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  1. #1
    Senior Member Frost's Avatar
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    Toggle Length And Material

    I've heard some folks mention using carbon arrow shafts for toggles, and it so happens I work in a sporting goods store that cuts arrows to length.

    I snagged a couple dozen pieces in the 3-5" range that are from arrows with a 60-80 pound spine. About the heaviest they make. How long are toggles typically? I could get hundreds of them in the 2-3" range. The longer ones are a bit less common.

    Are these arrows suitable, at least for smaller guys like me (Under 175lbs)?

    If - if he stood! Enough of ifs!
    He knew a path that wanted walking
    He knew a spring that wanted drinking
    A thought that wanted further thinking.
    A love that wanted re-renewing

    "A Lone Striker" Robert Frost

  2. #2
    HeathC's Avatar
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    Yes those arrows should be fine. Remember objects get stronger the shorter they get. Think about arrows. The spine changes the shorter you cut it. 3" toggles are the average. Unless you plan on doing summersaults in it (like my 5 year old was doing this weekend...haha). He also learned how to flip over. Just make sure you file/sand off any burs so they don't snag your slings.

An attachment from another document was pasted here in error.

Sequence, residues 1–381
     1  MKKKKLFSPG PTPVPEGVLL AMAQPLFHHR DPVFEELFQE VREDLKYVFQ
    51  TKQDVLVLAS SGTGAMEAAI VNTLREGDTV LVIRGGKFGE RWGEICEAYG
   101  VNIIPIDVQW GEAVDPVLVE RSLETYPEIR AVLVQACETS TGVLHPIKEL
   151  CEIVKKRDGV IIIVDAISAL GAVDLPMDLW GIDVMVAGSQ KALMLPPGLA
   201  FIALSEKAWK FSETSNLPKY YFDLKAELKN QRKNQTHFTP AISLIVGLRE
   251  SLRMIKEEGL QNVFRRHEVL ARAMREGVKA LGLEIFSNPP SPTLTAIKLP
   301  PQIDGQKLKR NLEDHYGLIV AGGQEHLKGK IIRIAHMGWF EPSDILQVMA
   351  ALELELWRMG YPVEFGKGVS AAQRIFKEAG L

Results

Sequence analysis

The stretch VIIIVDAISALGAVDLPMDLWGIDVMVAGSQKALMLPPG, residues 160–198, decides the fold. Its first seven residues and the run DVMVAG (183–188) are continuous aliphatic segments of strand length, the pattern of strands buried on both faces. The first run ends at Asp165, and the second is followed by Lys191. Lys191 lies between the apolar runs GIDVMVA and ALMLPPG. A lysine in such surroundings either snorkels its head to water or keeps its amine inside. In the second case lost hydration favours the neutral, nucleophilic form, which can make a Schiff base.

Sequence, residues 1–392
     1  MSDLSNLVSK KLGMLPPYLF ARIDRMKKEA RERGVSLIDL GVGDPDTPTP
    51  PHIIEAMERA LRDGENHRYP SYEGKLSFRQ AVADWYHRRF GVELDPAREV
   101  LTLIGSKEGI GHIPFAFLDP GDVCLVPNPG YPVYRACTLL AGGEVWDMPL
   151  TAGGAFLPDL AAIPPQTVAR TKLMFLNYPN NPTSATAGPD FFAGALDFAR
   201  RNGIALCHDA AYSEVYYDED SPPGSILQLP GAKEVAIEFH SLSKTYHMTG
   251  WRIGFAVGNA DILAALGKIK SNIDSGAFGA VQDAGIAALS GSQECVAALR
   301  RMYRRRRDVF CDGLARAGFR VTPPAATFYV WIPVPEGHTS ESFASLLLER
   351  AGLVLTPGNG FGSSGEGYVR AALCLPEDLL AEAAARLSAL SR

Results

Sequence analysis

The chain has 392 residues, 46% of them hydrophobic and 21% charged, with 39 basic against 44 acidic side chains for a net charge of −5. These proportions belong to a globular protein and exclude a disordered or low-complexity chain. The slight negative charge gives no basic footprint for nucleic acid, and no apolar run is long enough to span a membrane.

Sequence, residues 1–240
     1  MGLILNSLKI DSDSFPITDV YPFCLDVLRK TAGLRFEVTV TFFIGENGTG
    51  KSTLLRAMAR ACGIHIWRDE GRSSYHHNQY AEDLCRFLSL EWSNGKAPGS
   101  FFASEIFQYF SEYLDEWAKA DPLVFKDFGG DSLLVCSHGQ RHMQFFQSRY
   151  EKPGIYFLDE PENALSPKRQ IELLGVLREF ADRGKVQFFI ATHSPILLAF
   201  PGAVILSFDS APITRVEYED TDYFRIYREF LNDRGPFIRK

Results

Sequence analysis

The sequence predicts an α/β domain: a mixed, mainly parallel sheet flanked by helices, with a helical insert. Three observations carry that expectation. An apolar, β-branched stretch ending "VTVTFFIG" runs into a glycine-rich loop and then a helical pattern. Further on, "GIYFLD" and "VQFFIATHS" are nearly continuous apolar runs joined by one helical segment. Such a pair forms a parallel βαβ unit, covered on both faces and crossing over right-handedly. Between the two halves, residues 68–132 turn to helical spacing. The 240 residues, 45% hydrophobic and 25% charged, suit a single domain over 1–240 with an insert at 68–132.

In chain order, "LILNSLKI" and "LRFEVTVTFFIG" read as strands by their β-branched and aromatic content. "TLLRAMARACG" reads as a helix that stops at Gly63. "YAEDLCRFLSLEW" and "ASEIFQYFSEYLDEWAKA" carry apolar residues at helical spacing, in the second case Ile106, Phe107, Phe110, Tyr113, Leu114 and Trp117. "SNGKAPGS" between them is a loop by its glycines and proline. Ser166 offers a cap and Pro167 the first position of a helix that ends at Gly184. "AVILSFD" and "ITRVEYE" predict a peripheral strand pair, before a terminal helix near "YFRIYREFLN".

I'm 225lbs and I used to use pine dowels and they held fine. They just started looking like an hour glass after a while so I swapped to cotter pins.
    Last edited by HeathC; 07-11-2012 at 00:07. Reason: spell check
    It's a hammock thing, you won't understand!

    The wife no longer kicks me out of bed after she saw a hammock hanging in the dog house.

  3. #3
    STinGa's Avatar
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    I have been using my carbon fiber arrow shaft toggles for about a year now and have not noticed any wear on them (I am 195 lbs). I picked them up at a sporting goods store as 5 - 7" trimmings and re-cut them to about 3" long. Just remember, make sure to hang on the knot, not the toggle.

    STinGa
    Sarcasm is a dying art.

    Eagle Scout September '85 Troop 339 Smyrna, TN

  4. #4
    New Member Fish_man's Avatar
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    I wonder if I went to one of the sporting good stirred near me if they would give me their garbage lol their garbage would be my treasure lol

  5. #5
    Senior Member Frost's Avatar
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    Fish_man, Dunham's, Gander Mountain, Cabela's, and ****'s Sporting Goods all cut arrows to length if you buy them in the store. Whether the trimmings end up somewhere that's accessible after they're finished is another story. At Dunham's all our trimmings ended up straight in the trash because of where the arrow saw was (out in a visible area). At ****'s, our trimmings will often pile up for a day or two as it's back in the work shop where nobody cares about a mess.

    You're coming in to the big time of year for archery sales and the like, and on average I'm cutting 1-2 dozen arrows a day at my rather small store. Of those, probably 50% leave trimmings that are longer than 3". I'm sure if you put a bug in somebody's ear and made really nice, they'd snag you a few chunks out of the garbage can or off the floor of the shop. There are often broken/reject arrows floating around they might even chop up for you, if you're really good at buttering them up.